How To: Buy a Compass

Learn the ins and outs of buying a good compass.
The Mountaineers The Mountaineers
February 25, 2014

We get a lot of questions about compasses - and rightfully so! They're important. Follow our directions below to select the compass that’s best for your needs. We suggest that you print this page and take it with you to the store when purchasing a compass.

All compasses have a magnetized needle that points north, and have a way to indicate direction of travel. Mountaineering requires a compass with additional qualities. Compasses that hang from parka zippers or hook on watchbands are not suitable for most of our courses or as part of your ten essentials. 


1. Adjustable declination: A moveable orienting arrow, which provides a built-in declination adjustment. If there is one feature that simplifies map and compass work, this is it. Compasses with adjustable declination can often be identified by the presence of an adjustment screw, usually brass or copper-colored, and a small key attached to the lanyard.

  • All students MUST have a compass with adjustable declination. The presence of a declination scale does not guarantee that it can be adjusted.
  • If you already have a compass without adjustable declination, you may not use it in this course. Recent experience indicates that such compasses detract from the learning experience.

2. A transparent rectangular base plate with a direction of travel arrow or a sighting mirror.

  •  Transparency allows map features to be seen underneath the compass.
  • The rectangular shape provides straight edges and square angles for plotting and triangulating on the map.

3. A bezel (the rotating housing) marked clockwise from 0 to 360 degrees in increments of two degrees or less. In  general, bezels should be large to allow use while wearing gloves - the larger size also improves accuracy.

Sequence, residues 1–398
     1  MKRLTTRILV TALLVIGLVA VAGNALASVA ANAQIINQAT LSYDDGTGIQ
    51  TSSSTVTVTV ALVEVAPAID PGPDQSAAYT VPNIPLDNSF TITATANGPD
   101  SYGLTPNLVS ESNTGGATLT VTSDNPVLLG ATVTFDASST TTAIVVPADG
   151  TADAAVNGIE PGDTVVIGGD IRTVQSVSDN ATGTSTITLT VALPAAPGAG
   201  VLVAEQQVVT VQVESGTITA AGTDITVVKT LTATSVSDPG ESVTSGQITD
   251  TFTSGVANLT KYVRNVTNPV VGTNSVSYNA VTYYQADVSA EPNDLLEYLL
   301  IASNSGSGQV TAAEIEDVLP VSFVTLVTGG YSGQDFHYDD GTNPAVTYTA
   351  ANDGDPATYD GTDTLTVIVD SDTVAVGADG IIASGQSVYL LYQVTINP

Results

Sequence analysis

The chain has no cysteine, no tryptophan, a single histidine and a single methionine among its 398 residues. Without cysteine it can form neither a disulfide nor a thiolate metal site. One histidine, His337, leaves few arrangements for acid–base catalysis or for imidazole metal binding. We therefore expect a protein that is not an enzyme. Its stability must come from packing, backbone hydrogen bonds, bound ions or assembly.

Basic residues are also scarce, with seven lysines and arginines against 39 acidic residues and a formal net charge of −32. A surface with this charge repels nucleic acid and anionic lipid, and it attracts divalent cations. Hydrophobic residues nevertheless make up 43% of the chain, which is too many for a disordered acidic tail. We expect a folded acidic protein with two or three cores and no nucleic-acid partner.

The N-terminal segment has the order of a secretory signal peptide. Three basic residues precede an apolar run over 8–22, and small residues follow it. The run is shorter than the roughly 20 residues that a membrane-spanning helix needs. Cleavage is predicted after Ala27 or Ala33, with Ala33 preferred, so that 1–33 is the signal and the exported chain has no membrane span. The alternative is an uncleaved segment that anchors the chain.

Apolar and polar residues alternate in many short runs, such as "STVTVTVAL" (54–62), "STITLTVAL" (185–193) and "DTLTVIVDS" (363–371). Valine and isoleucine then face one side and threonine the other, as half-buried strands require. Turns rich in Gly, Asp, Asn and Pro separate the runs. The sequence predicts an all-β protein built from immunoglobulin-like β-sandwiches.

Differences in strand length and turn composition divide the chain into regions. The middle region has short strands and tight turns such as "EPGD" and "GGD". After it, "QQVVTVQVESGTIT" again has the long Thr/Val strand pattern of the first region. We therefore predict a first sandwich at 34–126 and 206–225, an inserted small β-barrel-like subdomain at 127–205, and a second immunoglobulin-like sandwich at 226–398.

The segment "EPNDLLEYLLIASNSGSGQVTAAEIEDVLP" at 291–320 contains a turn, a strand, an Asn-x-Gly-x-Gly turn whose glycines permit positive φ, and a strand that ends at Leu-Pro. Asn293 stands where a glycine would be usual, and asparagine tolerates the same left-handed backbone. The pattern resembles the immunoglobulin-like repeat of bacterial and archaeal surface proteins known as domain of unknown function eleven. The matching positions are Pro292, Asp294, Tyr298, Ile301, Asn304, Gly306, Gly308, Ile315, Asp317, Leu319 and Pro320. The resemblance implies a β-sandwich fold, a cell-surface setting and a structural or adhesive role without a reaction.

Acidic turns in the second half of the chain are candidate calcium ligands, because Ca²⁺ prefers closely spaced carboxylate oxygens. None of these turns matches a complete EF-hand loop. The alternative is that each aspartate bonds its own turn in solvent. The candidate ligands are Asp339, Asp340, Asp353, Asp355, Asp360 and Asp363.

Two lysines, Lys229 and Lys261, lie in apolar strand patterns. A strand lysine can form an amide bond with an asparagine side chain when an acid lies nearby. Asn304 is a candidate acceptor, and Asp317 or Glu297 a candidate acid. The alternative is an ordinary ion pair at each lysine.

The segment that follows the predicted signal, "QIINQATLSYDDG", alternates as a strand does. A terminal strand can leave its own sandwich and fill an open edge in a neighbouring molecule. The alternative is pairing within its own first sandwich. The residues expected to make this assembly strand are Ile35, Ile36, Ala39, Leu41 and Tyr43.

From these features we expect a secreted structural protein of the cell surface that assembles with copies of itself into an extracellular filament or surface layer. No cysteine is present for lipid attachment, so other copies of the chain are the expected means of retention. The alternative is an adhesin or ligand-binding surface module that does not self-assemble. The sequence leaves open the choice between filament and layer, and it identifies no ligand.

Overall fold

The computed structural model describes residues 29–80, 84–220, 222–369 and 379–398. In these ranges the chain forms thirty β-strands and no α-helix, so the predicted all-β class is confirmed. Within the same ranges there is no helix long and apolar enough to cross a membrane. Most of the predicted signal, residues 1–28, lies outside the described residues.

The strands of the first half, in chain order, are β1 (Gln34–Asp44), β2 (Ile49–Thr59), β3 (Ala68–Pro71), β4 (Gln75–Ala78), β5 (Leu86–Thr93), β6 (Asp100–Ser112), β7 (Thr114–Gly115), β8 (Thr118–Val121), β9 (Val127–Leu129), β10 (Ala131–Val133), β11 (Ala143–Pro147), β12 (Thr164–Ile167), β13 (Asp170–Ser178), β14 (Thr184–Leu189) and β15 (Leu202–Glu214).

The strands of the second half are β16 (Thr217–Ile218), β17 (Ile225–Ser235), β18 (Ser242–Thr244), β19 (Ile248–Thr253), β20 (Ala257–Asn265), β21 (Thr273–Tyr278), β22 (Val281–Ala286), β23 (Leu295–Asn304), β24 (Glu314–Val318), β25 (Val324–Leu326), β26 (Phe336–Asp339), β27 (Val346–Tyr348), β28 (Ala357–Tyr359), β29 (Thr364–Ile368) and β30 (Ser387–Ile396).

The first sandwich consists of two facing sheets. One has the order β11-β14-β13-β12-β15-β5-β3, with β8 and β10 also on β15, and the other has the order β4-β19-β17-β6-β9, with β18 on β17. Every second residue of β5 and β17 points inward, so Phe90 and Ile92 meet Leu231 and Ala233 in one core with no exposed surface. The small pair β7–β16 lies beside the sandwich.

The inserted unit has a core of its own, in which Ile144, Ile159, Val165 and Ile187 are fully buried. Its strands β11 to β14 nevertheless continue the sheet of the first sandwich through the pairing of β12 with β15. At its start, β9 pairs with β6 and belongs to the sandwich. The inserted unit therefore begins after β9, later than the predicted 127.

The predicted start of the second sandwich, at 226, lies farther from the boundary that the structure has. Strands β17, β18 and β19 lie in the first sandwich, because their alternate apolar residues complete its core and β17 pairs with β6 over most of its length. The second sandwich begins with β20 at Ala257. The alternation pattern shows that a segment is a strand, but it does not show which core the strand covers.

4. Meridian lines: Parallel 'meridian lines' on the bottom of the interior of the circular compass housing rotate with the bezel when it is turned. The meridian lines run parallel to the north-south axis of the bezel, however turned. Meridian lines are necessary for plotting and triangulating on the map.

5. A ruler and/or gradient scale engraved on one or more of the straight edges, used for measuring distances. Compasses with other additional scales facilitate advanced navigation.

6. A 3 to 4-inch base plate. A longer straight edge makes map work easier.

Additional recommendations:

  • A sighting mirror in the cover: This reduces errors introduced when moving the compass from eye-level after sighting to waist-level for reading the dial.
  • A liquid-filled housing to reduce erratic needle movement (only needed on some compasses). In some cases, steadying the compass needle can be difficult.
  • An inclinometer: a gravity driven arrow that allows you to measure slope angle.

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Brian Starlin
Brian Starlin says:
Oct 15, 2015 04:49 PM

As of 2016, the Mountaineers Navigation Course is called "Wilderness Navigation," and these compass requirements still apply.
For #5. SCALE -- Scales of 1:24,000 are preferred over 1:25,000

Additional Recommendations:
Brunton's current models (2015) use a tool-less declination that requires pressing down on the bezel. This can be difficult and cause the pieces to separate. Generally, however, the Brunton's meet our specifications.
Suunto's M3 and MC-2 continue to show a 2-5 degree magnetic error in many instances. Most can be corrected by adding another 2-5 degrees East declination (i.e.. 18 East instead of 16 East). The 2015 model has shorter meridian lines.
Beware of the "UST" compass available online via Amazon and other outlets. Our gear tests show it to be wholly unreliable. -- Brian Starlin, Navigation Committee Co-Chair

Brian Starlin
Brian Starlin says:
Jan 17, 2016 05:26 PM

Seattle Navigation Committee update for "Compass Requirements for the Wilderness Navigation Course" dated September 2015 --

Brian Starlin
Brian Starlin says:
Aug 23, 2016 12:49 PM

As of mid-2016, Suunto has corrected the accuracy issues in their MC-2 compass, and it is once again recommended for Wilderness Navigation use.

Brian Starlin
Brian Starlin says:
Oct 17, 2017 12:45 PM

For 2017 and 2018, the Seattle Navigation Committee has an updated Compass Requirements document at this URL...
Brian Starlin, Seattle Navigation Chair

Brian Starlin
Brian Starlin says:
Jul 16, 2018 02:36 PM

The document for "Mountaineers Approved Compass" has been updated as of June 2018. See it here:

Brian Starlin, Seattle Navigation Chair